A year after police identified Michelle, DNA results came back on the first torso that washed up at Beluga Point. Detectives confirmed her name was Desiree Lekanoff, a 22-year-old who had been reported missing by a former boyfriend.
Now that cops had the identities of both women, Det. Mark Huelskoetter said they needed to find a common link between the victims.
He and the other homicide detectives found that connection around Spenard Avenue, which local cops say is Anchorage's main thoroughfare for prostitution. According to police, both victims had once worked there as prostitutes.
Like every major city in the U.S., Anchorage has its own seedy underbelly of crime. But Sgt. Kathy Lacey, who works the Anchorage Vice Squad, said prostitution's history in Alaska is unique.
She told AMW the age-old racket exploded onto the scene in the 1970s when oil exploration was at its peak. Some of the men who built the Trans-Alaska pipeline would drive to Anchorage after weeks in wooded isolation in the Northern Slopes, anxious to spend their hard-earned cash on a cold beer and a good time.
Women were few and far between in Alaska back then, which fueled the public's demand for prostitution.
"There were lots of stories of women coming up from the Lower 48 [states] just to work prostitution here because of the money," Lacey said. "Lots of men, and hardly any women, so that's kind of a great recipe right there."
According to Lacey, times have changed, and many women now head north for other reasons.
"We attract a lot of people who are trying to escape something in the Lower 48 -- either a lifestyle, a marriage, a family, a failure. They see this as a way to go up north and start over."
After a string of bad luck, many women like Desiree Lekanoff and Michelle Rothe end up on the streets, in a dangerous world of drugs and sex.
Sgt. Lacey told AMW that despite her role to enforce the laws, she still views prostitutes and their plight with sympathy. "We know they're breaking the law, but we also see them as victim. You have to look at why these women are out there," she said.
Two Paths On One Road
According to Phyllis Faccio, a former prostitute herself, Desiree was barely a teenager when she was on the streets.
"Des didn't have a chance. She was 12 or 13 years old when she was thrown out of her house. And she was, â€˜I need that money I need it now. And I can close my eyes and forget about anything for a minute or two.'"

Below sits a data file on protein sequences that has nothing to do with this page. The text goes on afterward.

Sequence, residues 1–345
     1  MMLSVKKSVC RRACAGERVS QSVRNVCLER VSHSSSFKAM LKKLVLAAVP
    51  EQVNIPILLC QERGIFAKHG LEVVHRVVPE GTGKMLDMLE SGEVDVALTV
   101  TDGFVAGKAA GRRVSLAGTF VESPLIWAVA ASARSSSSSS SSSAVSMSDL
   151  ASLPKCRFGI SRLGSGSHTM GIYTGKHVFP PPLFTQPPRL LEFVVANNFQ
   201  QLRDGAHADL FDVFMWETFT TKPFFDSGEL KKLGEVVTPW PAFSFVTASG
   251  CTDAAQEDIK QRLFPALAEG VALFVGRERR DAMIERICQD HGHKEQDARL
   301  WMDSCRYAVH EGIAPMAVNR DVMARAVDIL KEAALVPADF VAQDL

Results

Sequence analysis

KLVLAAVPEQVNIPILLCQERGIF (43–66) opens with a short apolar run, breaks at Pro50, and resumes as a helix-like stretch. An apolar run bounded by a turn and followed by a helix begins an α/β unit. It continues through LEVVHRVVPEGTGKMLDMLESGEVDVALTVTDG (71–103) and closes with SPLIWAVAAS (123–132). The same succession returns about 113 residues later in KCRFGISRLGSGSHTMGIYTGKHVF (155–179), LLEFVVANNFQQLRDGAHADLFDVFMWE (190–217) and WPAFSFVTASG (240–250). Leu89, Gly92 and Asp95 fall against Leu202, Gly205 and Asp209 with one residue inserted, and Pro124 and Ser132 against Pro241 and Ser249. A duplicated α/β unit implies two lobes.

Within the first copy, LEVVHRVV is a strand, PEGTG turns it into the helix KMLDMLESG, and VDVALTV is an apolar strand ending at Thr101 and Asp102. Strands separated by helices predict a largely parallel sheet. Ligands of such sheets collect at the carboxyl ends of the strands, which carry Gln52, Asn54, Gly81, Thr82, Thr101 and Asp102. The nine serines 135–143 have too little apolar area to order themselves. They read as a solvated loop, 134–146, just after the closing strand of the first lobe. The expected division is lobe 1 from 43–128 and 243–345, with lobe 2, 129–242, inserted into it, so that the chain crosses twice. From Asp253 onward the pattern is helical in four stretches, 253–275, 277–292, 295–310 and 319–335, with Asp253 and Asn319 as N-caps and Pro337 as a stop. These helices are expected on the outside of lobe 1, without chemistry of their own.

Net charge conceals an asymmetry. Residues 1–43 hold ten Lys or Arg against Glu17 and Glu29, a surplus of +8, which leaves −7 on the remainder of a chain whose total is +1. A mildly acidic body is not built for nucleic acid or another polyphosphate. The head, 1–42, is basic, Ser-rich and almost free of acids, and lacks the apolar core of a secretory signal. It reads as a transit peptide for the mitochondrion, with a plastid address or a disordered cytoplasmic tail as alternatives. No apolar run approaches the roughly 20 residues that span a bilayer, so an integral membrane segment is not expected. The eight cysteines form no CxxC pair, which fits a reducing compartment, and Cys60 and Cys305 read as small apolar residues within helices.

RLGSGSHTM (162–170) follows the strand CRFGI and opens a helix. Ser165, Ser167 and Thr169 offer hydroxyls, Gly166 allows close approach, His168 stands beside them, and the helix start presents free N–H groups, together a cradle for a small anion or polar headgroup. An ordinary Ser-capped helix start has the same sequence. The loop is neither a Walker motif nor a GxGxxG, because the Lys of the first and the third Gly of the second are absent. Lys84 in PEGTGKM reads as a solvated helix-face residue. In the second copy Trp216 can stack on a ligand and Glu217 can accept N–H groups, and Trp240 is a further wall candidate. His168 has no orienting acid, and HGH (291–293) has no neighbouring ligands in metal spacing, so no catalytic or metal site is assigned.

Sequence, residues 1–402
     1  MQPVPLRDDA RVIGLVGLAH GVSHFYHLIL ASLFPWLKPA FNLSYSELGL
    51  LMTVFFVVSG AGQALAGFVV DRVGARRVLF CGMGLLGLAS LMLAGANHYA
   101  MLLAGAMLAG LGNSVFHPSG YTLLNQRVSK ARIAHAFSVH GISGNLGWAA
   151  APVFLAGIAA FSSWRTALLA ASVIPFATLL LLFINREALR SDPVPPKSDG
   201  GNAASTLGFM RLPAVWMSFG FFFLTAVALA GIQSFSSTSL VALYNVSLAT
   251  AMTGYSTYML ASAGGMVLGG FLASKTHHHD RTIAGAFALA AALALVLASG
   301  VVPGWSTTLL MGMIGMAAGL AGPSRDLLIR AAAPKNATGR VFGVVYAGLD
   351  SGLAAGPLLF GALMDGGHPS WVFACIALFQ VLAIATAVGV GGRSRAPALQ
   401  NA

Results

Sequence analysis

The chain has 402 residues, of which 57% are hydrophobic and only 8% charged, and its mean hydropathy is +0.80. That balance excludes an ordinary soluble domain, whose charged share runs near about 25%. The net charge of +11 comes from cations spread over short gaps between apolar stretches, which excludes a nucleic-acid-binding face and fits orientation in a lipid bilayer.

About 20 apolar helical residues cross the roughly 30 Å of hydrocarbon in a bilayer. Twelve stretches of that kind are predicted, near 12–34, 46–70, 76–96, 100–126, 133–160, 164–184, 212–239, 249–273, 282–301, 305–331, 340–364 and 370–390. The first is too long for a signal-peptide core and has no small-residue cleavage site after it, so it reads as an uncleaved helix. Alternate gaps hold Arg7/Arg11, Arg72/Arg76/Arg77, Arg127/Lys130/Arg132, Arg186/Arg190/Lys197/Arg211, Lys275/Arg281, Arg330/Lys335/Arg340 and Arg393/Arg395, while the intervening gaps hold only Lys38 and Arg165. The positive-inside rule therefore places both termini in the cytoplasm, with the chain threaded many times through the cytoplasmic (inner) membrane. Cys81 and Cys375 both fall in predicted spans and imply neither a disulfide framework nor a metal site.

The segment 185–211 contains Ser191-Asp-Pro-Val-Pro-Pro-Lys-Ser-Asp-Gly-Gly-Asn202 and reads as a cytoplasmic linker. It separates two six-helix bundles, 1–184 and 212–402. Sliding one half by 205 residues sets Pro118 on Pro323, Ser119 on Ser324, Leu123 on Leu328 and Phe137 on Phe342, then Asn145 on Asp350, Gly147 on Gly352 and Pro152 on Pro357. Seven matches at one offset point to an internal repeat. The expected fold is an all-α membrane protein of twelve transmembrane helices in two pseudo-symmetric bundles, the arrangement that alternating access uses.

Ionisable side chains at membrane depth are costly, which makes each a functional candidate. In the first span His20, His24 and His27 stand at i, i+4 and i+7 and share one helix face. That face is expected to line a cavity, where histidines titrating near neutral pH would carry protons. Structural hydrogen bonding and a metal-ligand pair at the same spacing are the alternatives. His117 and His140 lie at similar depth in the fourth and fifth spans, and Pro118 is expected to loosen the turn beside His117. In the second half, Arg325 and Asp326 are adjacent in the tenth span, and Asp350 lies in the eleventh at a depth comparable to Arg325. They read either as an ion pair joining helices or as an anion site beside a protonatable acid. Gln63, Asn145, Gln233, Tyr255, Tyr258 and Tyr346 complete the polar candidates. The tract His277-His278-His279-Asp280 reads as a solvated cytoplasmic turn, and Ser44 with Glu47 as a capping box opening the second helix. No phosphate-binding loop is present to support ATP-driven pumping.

Like Desiree, Michelle also knew the bleak realities of street life. Her mother, Ruth MacMullen, said her daughter relocated to Alaska because she thought it would be an idyllic setting to raise a family.
"She really wanted to be married and have a baby. And she got pregnant and she had a tubal pregnancy, and then after that she could never have children and that sort of sent her of the deep end," MacMullen said. She went on to say her daughter most likely succumbed to drug addiction and prostitution after the downward spiral of depression that followed the miscarriage.
Another former prostitute, Heather McMenamin, told AMW that Michelle had always wondered what it would be like if she could get off drugs and off the streets. "Michelle had a lot of life in her, ya know. And she wanted better for herself. She just too far into the lifestyle," McMenamin said.
During their investigation on the Lekanoff/Rothe case, Anchorage detectives told AMW they came across at least five other names of women who had turned up missing in Anchorage. Between 1993 and 2001, Traci Vicent, Jeri Brommels, Kelly Dunn, Robin Van Sickel and Samantha Kent had all vanished without a trace. Cops think they could all be connected by Anchorage's underground world of sex and drugs.
"We don't know that they're connected to Michelle or Desiree, and we're not assuming that," Det. Ratcliff said. "And we're not assuming that they're not connected. Some of these women could have cleaned up their life, possible moved back to the Lower 48 or possibly changed their name."
The tides haven't washed up any more torsos on the Alaskan coast since the bodies of Michelle and Desiree. So after several years of calm, why haven't we heard of more victims?
"There could be other victims out there that we have not found, yes," Det. Ratcliff told AMW. "It's possible. It's easy to dispose of something that you don't want found. There are lots of areas to do that in Alaska."
Ratcliff's partner, Det. Huelskoetter, said that whoever murdered and mutilated the women could have moved to another part of the U.S.
"This person, since we've discovered these two bodies, may have decided to change the way they dispose of somebody," Det. Huelskoetter. "They may have moved."
If you know anything about the Unknown Alaska Serial Killer, or the murders of Michelle Rothe and Desiree Lekanoff, call our hotline right now at 1-800-CRIME-TV.